Thursday, April 8, 2010

Downgrading Your 2008 Database to 2005

I have seen this scenario asked about more times than I’d care to think about, but it’s one of those areas that I feel I ought to get down to make sure it makes sense in my head.

You upgrade your SQL Server database to 2008, but you leave the database in 90 compatibility mode. Maybe you restored a backup, or attached the files, but in any case, it’s a 2005 database in your mind. Something doesn’t work, and so you want to move it back to SQL Server 2005 while you fix things.

Easy, right? Backup the database that’s a v90 database and restore it on a SQL Server 2005 instance. Wrong, that doesn’t work. The files have been physically changed to the 2008 format. Detach / attach doesn’t work either.

What can you do? I’ve seen this and in my mind you have a couple of options. IF you still have the old SQL Server 2005 instance, then things are easier, and you can just move data.

xferdb task The two options I see are using the copy database tools in SSIS to move the data, or doing it yourself. I have been wary of the wizard tools and had problems with them in SQL Server 2000 DTS. They might work now, but I still am wary.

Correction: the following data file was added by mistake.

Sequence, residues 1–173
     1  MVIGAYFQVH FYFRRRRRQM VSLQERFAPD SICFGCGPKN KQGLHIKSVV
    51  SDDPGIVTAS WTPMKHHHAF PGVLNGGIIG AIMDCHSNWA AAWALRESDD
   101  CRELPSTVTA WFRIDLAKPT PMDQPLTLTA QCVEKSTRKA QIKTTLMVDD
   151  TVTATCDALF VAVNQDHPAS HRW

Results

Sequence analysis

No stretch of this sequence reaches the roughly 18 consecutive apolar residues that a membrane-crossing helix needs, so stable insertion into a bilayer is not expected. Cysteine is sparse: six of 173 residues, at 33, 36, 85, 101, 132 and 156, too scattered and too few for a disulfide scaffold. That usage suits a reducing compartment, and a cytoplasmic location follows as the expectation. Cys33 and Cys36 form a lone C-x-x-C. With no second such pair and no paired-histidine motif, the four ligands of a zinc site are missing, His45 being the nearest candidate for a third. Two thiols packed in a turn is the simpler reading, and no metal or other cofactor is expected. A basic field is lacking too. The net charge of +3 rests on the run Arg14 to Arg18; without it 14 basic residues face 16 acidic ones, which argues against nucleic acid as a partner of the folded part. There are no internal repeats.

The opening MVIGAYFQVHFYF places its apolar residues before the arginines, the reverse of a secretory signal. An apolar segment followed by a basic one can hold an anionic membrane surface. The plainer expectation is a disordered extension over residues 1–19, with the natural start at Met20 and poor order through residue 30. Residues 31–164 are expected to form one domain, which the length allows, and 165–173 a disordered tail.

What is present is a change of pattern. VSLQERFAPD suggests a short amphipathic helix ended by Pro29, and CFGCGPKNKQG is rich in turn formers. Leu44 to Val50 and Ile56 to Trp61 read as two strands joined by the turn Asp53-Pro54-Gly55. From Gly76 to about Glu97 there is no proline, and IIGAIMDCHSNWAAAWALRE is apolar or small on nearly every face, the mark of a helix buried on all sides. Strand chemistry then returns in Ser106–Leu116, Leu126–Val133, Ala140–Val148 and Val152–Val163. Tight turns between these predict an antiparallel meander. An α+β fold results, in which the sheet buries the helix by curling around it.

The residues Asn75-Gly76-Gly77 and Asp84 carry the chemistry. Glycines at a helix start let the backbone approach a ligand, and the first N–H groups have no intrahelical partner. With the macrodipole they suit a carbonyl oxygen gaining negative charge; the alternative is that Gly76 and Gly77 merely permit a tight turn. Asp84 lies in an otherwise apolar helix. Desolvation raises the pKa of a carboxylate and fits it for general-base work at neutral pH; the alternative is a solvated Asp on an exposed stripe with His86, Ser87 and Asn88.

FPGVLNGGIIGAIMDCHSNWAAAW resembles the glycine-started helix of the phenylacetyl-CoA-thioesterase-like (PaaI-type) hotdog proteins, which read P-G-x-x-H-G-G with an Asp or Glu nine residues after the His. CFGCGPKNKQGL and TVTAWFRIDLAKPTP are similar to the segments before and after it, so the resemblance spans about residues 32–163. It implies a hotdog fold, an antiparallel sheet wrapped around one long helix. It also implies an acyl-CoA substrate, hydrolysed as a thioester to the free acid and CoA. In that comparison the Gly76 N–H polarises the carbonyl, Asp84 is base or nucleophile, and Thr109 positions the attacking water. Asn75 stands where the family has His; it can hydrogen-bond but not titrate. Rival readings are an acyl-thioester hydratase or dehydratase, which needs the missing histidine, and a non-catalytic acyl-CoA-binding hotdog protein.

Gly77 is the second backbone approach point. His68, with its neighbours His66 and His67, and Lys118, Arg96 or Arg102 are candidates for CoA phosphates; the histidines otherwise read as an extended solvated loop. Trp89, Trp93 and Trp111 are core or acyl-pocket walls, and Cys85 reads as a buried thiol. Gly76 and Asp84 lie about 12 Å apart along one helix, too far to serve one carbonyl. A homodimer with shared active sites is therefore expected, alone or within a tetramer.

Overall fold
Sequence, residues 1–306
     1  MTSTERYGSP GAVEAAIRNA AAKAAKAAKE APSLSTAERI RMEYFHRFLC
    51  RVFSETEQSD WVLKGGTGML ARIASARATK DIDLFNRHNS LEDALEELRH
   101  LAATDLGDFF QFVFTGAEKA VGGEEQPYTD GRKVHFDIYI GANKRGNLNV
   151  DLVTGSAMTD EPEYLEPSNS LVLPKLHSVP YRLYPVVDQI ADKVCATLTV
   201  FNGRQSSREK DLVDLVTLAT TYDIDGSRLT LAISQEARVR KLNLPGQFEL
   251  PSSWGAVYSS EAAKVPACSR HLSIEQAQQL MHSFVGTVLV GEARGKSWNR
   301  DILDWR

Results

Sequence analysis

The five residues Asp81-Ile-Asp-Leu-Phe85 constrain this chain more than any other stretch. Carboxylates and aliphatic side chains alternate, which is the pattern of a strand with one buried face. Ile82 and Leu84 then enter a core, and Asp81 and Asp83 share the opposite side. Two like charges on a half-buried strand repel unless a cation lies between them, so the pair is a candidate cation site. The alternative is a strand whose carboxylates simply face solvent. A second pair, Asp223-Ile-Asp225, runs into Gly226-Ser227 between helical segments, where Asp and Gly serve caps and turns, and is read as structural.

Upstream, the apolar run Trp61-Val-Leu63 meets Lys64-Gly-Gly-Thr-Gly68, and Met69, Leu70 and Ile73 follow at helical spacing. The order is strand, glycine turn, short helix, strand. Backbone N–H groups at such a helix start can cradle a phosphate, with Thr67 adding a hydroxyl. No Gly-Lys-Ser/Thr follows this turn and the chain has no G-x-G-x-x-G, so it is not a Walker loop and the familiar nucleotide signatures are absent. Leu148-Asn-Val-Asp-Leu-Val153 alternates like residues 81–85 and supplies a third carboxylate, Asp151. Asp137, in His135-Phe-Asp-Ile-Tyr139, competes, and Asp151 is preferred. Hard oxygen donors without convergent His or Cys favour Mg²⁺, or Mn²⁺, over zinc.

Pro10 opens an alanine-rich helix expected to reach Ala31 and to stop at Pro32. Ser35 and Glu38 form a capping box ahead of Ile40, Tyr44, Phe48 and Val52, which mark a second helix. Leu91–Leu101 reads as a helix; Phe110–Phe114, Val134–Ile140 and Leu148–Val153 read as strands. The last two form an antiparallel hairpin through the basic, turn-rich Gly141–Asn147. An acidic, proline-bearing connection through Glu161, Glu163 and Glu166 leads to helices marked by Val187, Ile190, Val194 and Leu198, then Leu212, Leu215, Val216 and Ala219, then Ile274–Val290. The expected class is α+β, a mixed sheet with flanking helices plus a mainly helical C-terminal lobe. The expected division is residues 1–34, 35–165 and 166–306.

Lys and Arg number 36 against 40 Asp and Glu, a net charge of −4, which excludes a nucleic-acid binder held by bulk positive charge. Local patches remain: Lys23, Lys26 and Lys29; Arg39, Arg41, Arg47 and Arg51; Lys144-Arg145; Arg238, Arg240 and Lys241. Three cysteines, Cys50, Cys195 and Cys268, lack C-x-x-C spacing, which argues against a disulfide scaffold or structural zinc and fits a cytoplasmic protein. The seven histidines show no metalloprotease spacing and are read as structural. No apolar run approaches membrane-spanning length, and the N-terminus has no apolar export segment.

Instead my plan would be to a) move objects, and b) move data.

For the first item, you need to handle the following:

  1. Logins – Use sp_help_revlogin
  2. Objects – Script out all objects
  3. Permissions – This should come from #2, but make sure that users are created and synced. sp_change_users_login can help find any that are not.

That’s pretty simple, though if this is the complete instance level move, you need to check on jobs, packages, etc. that might need to be moved back to 2005

To move data, there are multiple ways, but I think my dbsp_bcp_out and dbsp_bcp_in scripts that I wrote years ago would work. I used these to suck out all data in a database and move it back in. If you are doing this in a static database I would likely script out all constraints and drop them before doing the inserts and then add them back later. If they were in effect in the source, you should be fine with the integrity of the data.

No comments: